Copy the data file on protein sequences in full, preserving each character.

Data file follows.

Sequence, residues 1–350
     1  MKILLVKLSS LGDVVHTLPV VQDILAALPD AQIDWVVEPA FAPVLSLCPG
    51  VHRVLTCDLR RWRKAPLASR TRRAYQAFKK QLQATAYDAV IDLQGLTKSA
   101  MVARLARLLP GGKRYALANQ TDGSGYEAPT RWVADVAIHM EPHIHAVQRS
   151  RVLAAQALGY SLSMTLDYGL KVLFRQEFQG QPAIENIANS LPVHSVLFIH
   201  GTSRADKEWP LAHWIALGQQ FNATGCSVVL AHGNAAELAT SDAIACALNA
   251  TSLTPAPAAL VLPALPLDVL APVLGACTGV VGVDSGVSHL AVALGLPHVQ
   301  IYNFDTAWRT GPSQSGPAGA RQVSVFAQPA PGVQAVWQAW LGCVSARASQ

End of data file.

Sequence, residues 1–350
     1  MKILLVKLSS LGDVVHTLPV VQDILAALPD AQIDWVVEPA FAPVLSLCPG
    51  VHRVLTCDLR RWRKAPLASR TRRAYQAFKK QLQATAYDAV IDLQGLTKSA
   101  MVARLARLLP GGKRYALANQ TDGSGYEAPT RWVADVAIHM EPHIHAVQRS
   151  RVLAAQALGY SLSMTLDYGL KVLFRQEFQG QPAIENIANS LPVHSVLFIH
   201  GTSRADKEWP LAHWIALGQQ FNATGCSVVL AHGNAAELAT SDAIACALNA
   251  TSLTPAPAAL VLPALPLDVL APVLGACTGV VGVDSGVSHL AVALGLPHVQ
   301  IYNFDTAWRT GPSQSGPAGA RQVSVFAQPA PGVQAVWQAW LGCVSARASQ